The sun is shining. It is in the high 70s. Life is good. At least that is how I feel on the surface—but if I think back to conversations I’ve had this week my mood changes.

Blight has hit the tomato crops of New England and people are comparing it to the potato famine. How can this be? Talking with a baker at the farmers market I learn that each rainy day, of which we’ve had many this summer, she is down $500 in sales, a large percentage of her market income. Who shops at farmers markets in the rain?

At Edible Boston our mission is to “celebrate the abundance of local foods, season by season.” This is a tough job to do when many of our local foods are not abundant for reasons out of everyone’s control.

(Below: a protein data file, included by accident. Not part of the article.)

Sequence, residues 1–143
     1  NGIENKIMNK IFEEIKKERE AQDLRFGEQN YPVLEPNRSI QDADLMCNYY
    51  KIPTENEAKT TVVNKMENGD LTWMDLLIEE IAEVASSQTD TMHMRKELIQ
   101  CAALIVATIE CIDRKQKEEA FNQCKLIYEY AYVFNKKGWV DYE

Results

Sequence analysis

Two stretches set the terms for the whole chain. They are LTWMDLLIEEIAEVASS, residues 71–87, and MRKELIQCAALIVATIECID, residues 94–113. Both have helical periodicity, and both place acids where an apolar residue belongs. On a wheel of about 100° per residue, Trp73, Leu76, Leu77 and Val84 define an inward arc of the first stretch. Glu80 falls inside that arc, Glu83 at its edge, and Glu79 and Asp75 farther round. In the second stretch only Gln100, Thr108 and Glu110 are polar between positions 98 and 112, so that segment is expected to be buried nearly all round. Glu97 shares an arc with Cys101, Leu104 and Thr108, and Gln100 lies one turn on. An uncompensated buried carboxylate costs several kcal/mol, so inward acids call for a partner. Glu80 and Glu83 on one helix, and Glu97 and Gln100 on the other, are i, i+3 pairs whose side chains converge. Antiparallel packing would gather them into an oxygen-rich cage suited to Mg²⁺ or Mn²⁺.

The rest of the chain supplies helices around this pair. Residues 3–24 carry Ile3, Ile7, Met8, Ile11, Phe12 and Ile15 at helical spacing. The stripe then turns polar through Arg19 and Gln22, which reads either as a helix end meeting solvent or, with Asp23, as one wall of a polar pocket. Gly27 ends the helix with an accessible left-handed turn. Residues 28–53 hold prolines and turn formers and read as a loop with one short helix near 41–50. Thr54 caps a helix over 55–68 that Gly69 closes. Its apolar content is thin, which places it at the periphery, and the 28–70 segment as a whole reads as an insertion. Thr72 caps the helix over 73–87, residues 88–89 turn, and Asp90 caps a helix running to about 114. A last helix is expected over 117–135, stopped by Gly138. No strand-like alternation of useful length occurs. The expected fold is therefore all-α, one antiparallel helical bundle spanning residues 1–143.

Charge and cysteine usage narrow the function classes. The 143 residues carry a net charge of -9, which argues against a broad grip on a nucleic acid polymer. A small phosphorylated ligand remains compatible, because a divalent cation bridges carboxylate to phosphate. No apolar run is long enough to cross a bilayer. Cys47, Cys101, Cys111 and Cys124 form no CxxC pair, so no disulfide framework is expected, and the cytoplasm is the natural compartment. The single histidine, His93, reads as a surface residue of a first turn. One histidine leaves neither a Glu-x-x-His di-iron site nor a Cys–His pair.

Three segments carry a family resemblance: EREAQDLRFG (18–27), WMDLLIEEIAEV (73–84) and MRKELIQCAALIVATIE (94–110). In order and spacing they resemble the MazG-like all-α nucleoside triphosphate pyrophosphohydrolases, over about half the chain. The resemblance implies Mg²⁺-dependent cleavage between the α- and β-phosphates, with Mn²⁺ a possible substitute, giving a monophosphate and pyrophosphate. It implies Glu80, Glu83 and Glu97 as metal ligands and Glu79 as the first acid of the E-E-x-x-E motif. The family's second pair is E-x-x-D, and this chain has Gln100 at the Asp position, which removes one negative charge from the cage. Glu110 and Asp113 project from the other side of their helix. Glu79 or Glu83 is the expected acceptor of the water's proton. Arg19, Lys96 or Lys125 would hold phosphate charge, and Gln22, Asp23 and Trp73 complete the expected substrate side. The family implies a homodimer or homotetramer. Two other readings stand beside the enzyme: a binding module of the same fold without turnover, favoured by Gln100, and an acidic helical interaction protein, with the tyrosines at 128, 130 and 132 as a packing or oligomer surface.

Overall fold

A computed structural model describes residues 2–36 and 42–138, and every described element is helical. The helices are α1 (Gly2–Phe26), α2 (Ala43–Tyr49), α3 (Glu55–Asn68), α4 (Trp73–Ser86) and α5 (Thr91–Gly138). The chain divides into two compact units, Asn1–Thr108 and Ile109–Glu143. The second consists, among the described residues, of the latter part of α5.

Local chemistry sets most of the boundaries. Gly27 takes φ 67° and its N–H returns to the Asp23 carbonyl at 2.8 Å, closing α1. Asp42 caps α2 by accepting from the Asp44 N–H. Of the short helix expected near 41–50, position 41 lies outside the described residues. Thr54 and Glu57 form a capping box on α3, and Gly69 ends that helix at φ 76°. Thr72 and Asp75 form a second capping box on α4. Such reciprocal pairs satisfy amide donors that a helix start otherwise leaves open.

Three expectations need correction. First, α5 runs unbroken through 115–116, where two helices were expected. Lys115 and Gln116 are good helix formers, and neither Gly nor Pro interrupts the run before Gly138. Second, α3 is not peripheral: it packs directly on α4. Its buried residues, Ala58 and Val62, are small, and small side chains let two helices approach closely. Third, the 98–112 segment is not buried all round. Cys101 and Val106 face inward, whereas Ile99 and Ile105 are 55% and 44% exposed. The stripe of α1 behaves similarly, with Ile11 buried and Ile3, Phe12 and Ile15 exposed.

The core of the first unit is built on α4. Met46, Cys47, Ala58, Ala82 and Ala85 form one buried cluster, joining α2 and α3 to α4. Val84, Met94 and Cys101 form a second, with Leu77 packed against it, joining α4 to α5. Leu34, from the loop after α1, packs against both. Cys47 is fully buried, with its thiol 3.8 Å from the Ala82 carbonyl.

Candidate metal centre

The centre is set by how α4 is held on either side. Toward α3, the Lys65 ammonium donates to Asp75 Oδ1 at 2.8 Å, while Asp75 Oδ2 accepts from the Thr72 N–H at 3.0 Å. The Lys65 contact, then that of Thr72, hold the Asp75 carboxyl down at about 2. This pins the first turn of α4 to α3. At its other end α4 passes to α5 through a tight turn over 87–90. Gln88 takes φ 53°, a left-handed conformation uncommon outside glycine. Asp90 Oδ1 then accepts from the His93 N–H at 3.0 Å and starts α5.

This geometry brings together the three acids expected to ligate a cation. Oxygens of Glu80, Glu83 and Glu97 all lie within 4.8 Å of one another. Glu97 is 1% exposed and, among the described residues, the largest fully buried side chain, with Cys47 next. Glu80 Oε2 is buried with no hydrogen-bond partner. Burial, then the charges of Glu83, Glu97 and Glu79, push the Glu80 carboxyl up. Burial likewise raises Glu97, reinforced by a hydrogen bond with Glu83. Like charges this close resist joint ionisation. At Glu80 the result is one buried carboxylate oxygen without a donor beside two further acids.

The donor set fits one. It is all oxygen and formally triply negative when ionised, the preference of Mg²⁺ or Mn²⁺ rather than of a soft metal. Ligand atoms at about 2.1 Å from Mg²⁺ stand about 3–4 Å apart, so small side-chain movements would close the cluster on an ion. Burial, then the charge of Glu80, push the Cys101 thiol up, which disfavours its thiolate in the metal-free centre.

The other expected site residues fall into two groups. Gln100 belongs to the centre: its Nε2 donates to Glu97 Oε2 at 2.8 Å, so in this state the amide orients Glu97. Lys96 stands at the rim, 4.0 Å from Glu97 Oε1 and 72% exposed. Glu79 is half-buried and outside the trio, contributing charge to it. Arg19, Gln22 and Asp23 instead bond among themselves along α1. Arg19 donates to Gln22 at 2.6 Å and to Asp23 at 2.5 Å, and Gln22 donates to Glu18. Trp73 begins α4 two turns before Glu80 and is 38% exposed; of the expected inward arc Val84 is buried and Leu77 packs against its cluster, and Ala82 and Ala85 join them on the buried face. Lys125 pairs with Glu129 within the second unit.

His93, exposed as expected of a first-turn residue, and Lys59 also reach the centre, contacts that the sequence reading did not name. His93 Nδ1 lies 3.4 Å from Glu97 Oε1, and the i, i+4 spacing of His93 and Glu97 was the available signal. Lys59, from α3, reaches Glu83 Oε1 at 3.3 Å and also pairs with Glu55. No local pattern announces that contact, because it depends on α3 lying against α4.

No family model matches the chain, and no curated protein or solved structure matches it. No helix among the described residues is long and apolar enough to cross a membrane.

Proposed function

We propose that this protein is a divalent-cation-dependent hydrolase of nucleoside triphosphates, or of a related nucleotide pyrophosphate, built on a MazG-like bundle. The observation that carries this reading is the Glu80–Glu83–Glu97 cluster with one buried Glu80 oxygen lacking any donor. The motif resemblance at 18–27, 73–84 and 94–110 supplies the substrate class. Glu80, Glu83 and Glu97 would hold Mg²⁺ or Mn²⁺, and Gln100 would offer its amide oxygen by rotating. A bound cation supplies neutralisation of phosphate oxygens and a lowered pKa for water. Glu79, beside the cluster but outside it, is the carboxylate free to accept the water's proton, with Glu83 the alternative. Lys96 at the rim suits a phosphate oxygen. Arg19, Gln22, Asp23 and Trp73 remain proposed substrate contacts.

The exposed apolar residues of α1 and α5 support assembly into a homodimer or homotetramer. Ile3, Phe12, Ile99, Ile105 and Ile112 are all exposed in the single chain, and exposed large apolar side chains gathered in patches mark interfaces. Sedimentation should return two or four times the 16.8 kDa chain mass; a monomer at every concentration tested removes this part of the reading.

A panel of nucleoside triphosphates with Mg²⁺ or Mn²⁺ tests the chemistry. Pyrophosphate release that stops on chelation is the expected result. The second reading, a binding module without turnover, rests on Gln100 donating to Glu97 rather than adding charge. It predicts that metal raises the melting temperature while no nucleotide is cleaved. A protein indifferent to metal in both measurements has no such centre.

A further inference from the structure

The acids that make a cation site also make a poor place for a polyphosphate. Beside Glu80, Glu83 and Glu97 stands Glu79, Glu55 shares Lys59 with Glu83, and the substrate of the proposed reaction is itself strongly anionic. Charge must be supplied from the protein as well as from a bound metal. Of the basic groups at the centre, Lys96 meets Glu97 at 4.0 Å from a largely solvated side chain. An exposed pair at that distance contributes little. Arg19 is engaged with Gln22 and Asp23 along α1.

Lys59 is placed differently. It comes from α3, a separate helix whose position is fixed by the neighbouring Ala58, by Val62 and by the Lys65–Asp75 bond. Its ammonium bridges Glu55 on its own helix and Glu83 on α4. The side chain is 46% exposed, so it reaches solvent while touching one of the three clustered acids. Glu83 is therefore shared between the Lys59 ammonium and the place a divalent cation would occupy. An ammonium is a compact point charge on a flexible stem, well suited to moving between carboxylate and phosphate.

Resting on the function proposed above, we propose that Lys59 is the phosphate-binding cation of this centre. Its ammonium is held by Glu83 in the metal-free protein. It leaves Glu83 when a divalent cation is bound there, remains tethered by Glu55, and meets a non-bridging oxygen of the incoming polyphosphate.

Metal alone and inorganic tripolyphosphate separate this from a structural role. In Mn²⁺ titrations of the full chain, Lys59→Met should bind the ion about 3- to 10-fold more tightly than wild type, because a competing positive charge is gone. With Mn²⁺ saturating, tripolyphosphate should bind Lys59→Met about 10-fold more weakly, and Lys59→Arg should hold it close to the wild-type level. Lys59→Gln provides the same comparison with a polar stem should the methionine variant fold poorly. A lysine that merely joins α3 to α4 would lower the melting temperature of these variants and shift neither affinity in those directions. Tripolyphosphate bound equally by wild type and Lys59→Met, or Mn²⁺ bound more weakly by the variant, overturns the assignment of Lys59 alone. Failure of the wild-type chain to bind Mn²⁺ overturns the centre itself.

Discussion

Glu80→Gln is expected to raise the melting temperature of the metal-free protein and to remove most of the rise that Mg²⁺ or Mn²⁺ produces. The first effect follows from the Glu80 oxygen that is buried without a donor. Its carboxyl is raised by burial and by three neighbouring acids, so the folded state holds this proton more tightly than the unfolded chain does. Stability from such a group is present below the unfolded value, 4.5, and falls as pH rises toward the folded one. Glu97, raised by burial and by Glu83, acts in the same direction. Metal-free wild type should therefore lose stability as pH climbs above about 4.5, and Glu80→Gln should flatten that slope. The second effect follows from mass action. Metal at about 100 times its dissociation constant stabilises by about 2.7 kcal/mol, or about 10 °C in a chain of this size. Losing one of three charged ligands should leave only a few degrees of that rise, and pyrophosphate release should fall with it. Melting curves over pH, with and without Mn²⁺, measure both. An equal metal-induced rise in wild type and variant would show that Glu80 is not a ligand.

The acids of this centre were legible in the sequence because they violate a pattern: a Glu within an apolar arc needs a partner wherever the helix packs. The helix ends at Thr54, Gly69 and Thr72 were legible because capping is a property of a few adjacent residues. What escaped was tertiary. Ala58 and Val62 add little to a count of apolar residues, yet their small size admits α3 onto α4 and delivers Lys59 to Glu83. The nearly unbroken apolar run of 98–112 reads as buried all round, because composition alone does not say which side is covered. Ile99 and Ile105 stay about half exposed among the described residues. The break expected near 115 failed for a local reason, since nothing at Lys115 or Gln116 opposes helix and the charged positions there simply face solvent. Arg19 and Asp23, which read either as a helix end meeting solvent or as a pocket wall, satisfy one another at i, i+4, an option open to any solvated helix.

So like the farmers we write about, I felt a needto shift gears a little. The time has come to also talk about the problems we are having with our local food. Not just to complain but to help consumers understand. As I reflect on the articles in this issue, I realize many are serious and thought-provoking.

This reflects the times we are in. There is a lot of important information to pass along to you.

Knowledge is a good thing when it is used properly. I hope that our stories and the information you gain from them gives you the knowledge, inspiration and power to help make changes in our local food system.

Change is needed and we all have the ability to bring it about. So, please read on, enjoy and help make a difference.

Ilene Bezahler

FallEdible BostonComment